Clinton obviously does not accept responsibility in the sense that Watt explains it.  (For the record, I am not anti-'free-market'.  That's a whole other enormous discussion for another day soon.)

Legalizing marijuana in the states and building our domestic industry is the real answer to reducing distributor violence in Mexico and preventing it from transforming our own society; coordinating legalization between nations is even better.  In 2009 (!), The Wall Street Journal did an excellent job outlining some of this thinking. ***  (As Noam Chomsky said many years ago, you can always rely on the financial news writers to assess issues in the clearest terms.)

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Distributors, Vigilantes, and Civil Society


They are all the same.
        lime grower in Michoacan re vigilantes and criminals, 2014

We respect El Chapo more than any elected official.
        printed sign at a February event in Culiacan, Sinaloa, 2014
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Overall, the situation in Mexico is exceedingly complicated.  Here's an article on how some Mexican citizens are scared of the vigilantes potential future intentions.  And here's an article on how some Mexican citizens support 'Chapo' Guzman's leadership.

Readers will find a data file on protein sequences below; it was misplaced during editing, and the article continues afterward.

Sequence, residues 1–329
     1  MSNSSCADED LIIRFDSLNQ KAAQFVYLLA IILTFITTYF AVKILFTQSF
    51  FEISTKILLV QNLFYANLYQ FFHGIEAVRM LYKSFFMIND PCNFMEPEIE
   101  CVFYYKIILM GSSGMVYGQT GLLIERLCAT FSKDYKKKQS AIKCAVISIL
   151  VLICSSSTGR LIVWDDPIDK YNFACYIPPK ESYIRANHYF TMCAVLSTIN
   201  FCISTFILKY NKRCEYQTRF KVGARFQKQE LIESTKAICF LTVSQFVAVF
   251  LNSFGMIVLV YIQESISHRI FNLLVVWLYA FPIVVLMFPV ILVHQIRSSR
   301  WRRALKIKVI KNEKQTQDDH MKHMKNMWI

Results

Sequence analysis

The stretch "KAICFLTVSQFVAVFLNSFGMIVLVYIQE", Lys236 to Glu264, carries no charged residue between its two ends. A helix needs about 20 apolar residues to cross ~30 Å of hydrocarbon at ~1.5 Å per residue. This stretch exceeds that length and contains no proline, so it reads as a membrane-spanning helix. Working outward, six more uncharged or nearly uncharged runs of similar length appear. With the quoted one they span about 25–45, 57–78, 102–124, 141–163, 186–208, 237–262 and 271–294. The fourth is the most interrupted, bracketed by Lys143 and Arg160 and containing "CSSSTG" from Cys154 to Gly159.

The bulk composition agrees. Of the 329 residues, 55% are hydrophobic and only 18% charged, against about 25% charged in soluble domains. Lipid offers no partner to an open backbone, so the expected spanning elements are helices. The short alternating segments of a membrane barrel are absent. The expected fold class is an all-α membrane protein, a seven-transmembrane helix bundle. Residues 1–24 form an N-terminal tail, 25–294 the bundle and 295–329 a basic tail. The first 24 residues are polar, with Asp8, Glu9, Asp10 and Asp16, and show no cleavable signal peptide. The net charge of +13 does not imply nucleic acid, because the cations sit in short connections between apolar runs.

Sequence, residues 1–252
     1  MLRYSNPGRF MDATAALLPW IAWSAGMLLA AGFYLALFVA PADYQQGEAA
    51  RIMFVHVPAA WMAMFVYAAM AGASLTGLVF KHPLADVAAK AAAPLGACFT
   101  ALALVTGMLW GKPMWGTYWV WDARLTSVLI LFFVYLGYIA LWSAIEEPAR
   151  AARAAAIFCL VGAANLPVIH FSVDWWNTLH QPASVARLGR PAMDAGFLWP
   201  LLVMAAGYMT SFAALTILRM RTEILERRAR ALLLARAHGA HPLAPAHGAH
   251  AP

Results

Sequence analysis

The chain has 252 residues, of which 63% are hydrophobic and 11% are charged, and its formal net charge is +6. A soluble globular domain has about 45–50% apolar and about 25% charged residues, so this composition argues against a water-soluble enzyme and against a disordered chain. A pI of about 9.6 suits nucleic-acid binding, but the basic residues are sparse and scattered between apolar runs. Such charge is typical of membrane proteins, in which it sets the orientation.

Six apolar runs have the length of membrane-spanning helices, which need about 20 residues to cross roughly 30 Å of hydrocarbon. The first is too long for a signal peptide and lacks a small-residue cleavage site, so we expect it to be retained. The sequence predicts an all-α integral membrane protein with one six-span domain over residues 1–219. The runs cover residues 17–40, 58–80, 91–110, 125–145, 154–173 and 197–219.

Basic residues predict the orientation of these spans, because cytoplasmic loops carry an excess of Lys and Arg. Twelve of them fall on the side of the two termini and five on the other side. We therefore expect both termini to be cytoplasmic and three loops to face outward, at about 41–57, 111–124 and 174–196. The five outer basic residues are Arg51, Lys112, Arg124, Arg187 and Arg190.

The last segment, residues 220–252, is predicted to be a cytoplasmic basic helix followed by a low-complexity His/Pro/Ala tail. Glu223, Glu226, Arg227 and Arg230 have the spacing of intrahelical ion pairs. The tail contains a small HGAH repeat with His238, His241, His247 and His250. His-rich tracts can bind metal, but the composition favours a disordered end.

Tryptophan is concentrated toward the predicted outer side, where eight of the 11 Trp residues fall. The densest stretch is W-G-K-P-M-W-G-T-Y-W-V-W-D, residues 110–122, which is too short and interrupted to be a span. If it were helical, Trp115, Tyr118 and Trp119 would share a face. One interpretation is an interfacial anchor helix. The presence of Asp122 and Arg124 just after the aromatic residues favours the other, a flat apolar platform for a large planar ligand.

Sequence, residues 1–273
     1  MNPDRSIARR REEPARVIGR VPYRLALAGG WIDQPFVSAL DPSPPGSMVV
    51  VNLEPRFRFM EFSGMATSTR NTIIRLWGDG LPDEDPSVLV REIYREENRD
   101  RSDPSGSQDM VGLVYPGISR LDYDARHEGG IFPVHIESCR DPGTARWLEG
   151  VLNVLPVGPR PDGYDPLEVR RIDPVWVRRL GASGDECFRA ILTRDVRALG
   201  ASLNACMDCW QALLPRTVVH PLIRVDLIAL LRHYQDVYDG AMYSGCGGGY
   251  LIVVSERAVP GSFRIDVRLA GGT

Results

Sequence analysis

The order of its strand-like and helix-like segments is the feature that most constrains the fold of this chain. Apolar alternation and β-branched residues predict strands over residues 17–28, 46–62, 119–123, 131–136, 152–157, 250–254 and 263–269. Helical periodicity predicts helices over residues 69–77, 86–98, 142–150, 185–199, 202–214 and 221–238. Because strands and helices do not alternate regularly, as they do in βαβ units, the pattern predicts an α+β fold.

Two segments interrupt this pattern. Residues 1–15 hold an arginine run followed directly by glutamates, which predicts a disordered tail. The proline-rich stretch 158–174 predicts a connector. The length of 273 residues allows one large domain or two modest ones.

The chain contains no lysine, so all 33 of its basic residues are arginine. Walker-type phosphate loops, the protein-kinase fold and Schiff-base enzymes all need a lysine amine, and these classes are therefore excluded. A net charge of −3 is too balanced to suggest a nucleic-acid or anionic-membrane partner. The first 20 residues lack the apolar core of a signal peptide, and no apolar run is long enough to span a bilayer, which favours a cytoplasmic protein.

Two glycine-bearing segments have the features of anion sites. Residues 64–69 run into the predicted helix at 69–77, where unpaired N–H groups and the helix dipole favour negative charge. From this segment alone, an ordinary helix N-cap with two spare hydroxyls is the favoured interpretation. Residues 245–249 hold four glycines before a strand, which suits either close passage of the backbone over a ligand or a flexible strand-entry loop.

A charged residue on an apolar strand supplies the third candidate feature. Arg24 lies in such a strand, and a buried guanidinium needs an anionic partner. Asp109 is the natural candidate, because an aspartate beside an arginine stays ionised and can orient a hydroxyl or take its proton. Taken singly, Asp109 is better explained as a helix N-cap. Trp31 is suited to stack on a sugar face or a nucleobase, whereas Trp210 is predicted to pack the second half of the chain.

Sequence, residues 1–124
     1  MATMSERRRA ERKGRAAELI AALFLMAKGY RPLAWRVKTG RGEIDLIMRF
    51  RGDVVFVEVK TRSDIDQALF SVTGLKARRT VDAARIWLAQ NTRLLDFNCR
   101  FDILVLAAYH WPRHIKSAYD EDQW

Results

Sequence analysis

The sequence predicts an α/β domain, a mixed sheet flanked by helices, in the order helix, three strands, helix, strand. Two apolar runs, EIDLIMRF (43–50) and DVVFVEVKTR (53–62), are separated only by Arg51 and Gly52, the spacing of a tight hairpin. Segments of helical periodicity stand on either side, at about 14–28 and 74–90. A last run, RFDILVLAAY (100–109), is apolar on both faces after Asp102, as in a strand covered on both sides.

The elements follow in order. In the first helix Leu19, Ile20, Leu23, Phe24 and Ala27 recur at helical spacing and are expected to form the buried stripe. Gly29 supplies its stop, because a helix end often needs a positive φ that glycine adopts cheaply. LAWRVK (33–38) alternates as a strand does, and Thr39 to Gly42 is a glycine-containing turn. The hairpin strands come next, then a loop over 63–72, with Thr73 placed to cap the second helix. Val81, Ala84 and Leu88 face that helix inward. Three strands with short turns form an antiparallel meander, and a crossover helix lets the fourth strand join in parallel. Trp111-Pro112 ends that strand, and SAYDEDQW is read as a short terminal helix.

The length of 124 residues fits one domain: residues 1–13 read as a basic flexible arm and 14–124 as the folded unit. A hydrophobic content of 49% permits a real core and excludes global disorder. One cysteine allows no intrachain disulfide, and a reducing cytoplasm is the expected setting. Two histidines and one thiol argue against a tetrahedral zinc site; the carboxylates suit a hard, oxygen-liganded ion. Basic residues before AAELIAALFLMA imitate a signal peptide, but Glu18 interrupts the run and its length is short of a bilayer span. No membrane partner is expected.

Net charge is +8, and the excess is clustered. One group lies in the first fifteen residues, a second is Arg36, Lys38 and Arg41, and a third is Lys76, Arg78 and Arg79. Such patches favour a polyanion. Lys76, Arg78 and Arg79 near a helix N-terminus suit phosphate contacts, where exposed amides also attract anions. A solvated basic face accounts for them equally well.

The Knights Templar organization - a group that originated in 2011 out of the collapse of La Familia Michoacana - is another interesting story.  According to this interview piece, the head of Knights Templar, Servando 'La Tuta' Gomez, is a former school teacher who points out astutely that the distributors are a 'necessary evil'.  It has taken me a long time hold that view.  I hold it now.  In preparation for Pope Benedict XVI's 2012 visit to Guanajuato, this same group put up 14 banners reading "The Knights Templar Cartel will not partake in any warlike acts, we are not killers, welcome Pope."  Supposedly even Los Zetas have begun to reach out people to build a 'social base'.

Obviously, we view this all with deep cynicism but it reveals much about these distributors that many people don't understand.

The distributors in Mexico are a real power source; to the extent that people support them (even if under complicated terms) and to the extent that they have a monopoly on violence, they exhibit some limited aspects of authority and legitimacy.  That is something most establishment politicians in the States will not understand.

To complicate matters further and as an illustrative example, some evidence suggests that Chevron killed people in Nigeria.  Here's my point: I imagine (maybe) drug distributors kill many, many more innocent people than than oil and gas producers (maybe not).  But the fact remains that big economically productive organizations tend to kill people in the process of their operations.  I'm not making excuses; I'm looking for real solutions to violence as it really occurs.

Also, recall that the DEA has worked with the Sinaloa cartel for some time.  And severals financial institutions - such as BofA, Western Union, and JP Morgan - have dipped into the drug game; not to forget HSBC.  All the money is dirty.  Many institutions are involved.  It is the real world of war, money, and power.****  None of these organizations are all that different.*****